VietNamNet Bridge – The Vietnamese government and international partners will mobilise all resources to overcome the consequences of unexploded ordnance (UXO) left over from the war, according to Don Tuan Phong, Vice President of the Vietnam Union of Friendship Organisations (VUFO).
An old bomb was found in Gio Linh District, northern Quang Tri Province on May 1, 2011. (Photo: Tuoi Tre)
He noted that many organisations had joined Vietnam in the endeavour over the past 20 years, contributing 10-15 million USD every year.
The organisations also assisted the country in drawing charts of areas polluted by UXOs as well as building a database on bombs, mines and other ordnance, he added.
According to Sean Wetherill, Managing Director of the US Government through the Mines Advisory Group (MAG) in the central province of Quang Binh, the pollution caused by UXOs in Vietnam remains serious, especially in Quang Binh, which was hard hit by bombings during the Vietnam War.
MAG is an international humanitarian organisation operating in mine clearance. It works actively to ensure safety for production and people living in localities plagued by UXOs in Vietnam.
Over the past ten years, MAG detected and cleared almost 1,834,000 sq. m of land in Quang Binh. The group also defused more than 71,300 devices in the locality. However, there is still a huge number of UXOs left from the war in the province.
Tran Van Phung, leader of MAG’s community communication team, said his organisation gives priority to clearing areas that are confirmed to contain ordnance.
The team also focuses on clearing mines in areas on which local authorities plan to build schools, health stations and other community facilities.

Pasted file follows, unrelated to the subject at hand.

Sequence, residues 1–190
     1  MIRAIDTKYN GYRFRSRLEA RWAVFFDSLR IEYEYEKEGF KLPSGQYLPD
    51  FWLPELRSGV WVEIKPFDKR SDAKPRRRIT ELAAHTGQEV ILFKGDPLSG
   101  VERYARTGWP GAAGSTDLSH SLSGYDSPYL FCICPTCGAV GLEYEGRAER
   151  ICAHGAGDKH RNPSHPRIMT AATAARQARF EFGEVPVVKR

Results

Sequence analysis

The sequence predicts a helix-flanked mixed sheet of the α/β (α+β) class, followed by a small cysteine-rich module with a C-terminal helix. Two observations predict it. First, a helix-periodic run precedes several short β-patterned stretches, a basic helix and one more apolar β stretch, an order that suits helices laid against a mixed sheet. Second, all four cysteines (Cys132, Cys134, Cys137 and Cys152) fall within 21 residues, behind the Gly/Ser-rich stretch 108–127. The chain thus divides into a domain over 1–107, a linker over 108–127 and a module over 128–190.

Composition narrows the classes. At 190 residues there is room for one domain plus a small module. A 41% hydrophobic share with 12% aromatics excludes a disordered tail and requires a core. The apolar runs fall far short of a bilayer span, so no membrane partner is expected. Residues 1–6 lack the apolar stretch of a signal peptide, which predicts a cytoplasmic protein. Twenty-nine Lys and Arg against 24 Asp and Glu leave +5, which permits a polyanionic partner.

The consequences of UXOs left over from the war still exist nationwide, especially in the northern central provinces.
According to preliminary statistics, since 1975, mines and UXOs have claimed more than 40,000 lives and left about 60,000 injured, mostly rural people and children.
Apart from threatening lives, the situation has also seriously affected the country’s socio-economic development. Vietnam spends thousands of billions of dong each year on mine clearance, emergency aid, treatment and assistance, re-integration and resettlement of the victims of UXOs.
In April 2010, Prime Minister Nguyen Tan Dung approved the National Action Programme on Settling Consequences of UXOs (known as Programme 504) for the 2010-2015 period with the aim of mobilising domestic and international resources to reduce ordnance to speed up UXO clearance.
The volume of mines and UXOs left by the war is now estimated at 800,000 tonnes, contaminating over 20 percent of the country’s land.
The Steering Committee of Programme 504 set to clear UXOs entirely in the six central provinces of Nghe An, Ha Tinh, Quang Binh, Quang Tri, Thua Thien-Hue and Quang Ngai in the next five years.
To realise the goal, the Vietnamese government is expecting participation and assistance from international organisations as well as foreign non-governmental agencies.
Source: Vietnam Plus